The creatures have energy needs and the notion of energy efficiency. As a result, they develop survival mechanisms: they passively take energy from the environment and, more aggressively, they kill other creatures to take their energy. The simulator allows the user to see the creatures’ evolution. Specifically, it allows the user to study the evolution of the creatures’ movement mechanisms and their ability to find energy, avoid predators and catch prey. From the definition of the initial creature characteristics, complex behaviors can emerge – behaviors that can be analyzed and studied. Also its representation determines their movement capacity and hence their survival effectiveness.


 Figure 7. Two Framsticks  structures.

These two systems create a global behavior (emergence). Swarm works with multiple intelligent agents that have defined behavior. From their actions, an emergent behavior appears. These agents usually do not have equivalence in the empirical real world and are usually too abstract to make social sense (Werner 2000). This sometimes makes the task of redefining agent behavior impossible (because it is difficult to completely define the behavior of some individuals). Framsticks works with creatures that implement a network. Framsticks worlds usually do not have equivalence in the real world. Its utility lies in the ability to analyze the characteristics of the different elements.

Other systems are MASON, RePast, AgentSheets. MASON is a single-process discrete-event simulation core and visualization toolkit written in Java, designed to be flexible enough to be used for a wide range of simulations, but with a special emphasis on “swarm” simulations of a very many (up to millions of) agents. The system is open-source and free, and is a joint effort of George Mason University’s Computer Science Department and the George Mason University Center for Social Complexity. MASON may be downloaded at (Luke, Cioffi-Revilla et Alt. 2004).

Repast are in alpha stage of development, while AgentSheets is commercial software that allows the definition of different agents that interact together.

Figure 8. AgentSheets environment.

In the previous figure, the AgentSheets environment is shown

Simulation programming libraries and infrastructures

From the DEVS formalism, we can define simulation languages by using the specification paradigm to directly construct the model.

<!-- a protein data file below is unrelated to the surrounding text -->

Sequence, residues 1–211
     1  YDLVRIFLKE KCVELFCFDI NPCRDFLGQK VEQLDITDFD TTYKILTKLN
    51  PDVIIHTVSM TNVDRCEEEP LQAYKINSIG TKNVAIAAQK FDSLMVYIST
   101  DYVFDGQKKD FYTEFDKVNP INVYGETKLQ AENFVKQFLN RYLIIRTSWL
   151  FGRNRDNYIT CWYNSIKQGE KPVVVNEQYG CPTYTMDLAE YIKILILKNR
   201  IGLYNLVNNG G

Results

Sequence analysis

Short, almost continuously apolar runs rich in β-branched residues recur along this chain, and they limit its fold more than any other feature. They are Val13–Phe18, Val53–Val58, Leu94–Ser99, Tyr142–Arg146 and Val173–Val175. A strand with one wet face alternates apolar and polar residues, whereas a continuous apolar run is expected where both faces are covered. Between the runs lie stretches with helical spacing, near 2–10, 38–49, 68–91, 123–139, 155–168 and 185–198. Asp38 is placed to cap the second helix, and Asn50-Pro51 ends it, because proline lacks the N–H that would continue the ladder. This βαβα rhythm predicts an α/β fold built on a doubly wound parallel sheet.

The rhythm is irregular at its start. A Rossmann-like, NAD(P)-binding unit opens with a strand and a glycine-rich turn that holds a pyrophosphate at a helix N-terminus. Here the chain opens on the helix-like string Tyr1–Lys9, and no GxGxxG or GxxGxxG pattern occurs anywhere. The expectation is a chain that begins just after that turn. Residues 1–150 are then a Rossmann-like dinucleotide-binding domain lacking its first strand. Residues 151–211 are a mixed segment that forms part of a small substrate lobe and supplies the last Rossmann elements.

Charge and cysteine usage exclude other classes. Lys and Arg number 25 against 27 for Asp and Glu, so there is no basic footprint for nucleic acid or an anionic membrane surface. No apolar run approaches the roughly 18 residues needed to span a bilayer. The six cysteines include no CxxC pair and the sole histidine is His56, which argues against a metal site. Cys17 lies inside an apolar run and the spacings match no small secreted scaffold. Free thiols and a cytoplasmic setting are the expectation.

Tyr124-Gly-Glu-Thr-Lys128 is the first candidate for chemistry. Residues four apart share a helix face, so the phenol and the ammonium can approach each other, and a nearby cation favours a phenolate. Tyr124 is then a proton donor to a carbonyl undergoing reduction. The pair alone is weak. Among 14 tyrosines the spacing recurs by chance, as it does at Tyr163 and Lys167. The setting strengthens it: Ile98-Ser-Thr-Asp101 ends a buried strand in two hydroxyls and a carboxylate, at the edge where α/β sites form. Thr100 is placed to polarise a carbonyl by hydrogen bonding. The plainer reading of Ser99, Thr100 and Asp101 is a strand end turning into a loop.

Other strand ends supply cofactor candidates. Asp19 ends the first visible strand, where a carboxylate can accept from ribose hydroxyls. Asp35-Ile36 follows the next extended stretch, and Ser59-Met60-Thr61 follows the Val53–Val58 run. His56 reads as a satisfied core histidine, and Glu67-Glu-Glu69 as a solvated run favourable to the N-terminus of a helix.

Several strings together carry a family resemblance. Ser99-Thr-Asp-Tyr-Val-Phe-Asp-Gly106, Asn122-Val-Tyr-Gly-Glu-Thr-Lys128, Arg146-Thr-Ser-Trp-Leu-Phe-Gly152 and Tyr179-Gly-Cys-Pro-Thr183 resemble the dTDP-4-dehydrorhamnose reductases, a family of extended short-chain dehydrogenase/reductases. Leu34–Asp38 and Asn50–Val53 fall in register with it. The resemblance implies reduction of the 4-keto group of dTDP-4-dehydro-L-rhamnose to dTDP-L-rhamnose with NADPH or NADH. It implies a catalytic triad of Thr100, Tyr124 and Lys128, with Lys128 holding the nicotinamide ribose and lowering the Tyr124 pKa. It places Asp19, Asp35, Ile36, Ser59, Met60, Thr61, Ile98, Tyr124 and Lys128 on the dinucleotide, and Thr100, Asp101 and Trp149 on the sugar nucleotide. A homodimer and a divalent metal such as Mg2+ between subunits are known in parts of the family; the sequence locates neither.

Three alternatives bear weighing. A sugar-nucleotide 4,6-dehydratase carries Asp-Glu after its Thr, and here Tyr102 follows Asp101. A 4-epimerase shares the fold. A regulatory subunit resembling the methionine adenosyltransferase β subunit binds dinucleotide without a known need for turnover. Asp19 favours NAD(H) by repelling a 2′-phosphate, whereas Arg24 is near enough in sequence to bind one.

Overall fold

DEVSJAVA uses Java to construct simulation models following the DEVS formalism. This system is based on the DEVS formalism and does not have a specific scope; hence, we can model any kind of system. For more information about DEVSJAVA, see Zeigler and Sarjoughian (2003).

Another standard infrastructure, High Level Architecture (HLA), can create simulations made up of different software components.

Complex simulations usually involve a combination of various elements that have different objectives and structures. As a result, these components must often be modified in order to use them in the model. Hence, it is sometimes easier to implement a new system. In fact, traditional simulation models are not reusable or interoperable in different scenarios and applications.

Interoperability is related to reusability. Interoperability means that reusable components can be combined without modifying the code.

Interoperability includes the ability to combine different simulation components, sometimes with operations that take place in real time. This approach involves considering how simulation components interact in a traditional simulation program. Rather than developing a simple program running on an isolated computer, we need to develop a set of programs that can run together on multiple computers of different types that interact with each other in a real-time environment. For instance, to create a training model for the nuclear industry, different simulation models need to be developed. Some can represent the movement of the different elements in the factory; others can represent real-time elements that the user frequently modifies while the model is running. A standard must therefore be developed to interconnect these elements. To solve this problem, an area of the DoD called the Defense Modeling and Simulation Office (DMSO) developed HLA. Its main purpose was to support the needs of Army-related projects. It is now widely used in many other areas. The DoD shares HLA information inside and outside the US, helps new users evaluate and implement simulation infrastructures and reduces complexity and costs with tools and documentation. Applications outside the DoD include traffic and industrial simulations.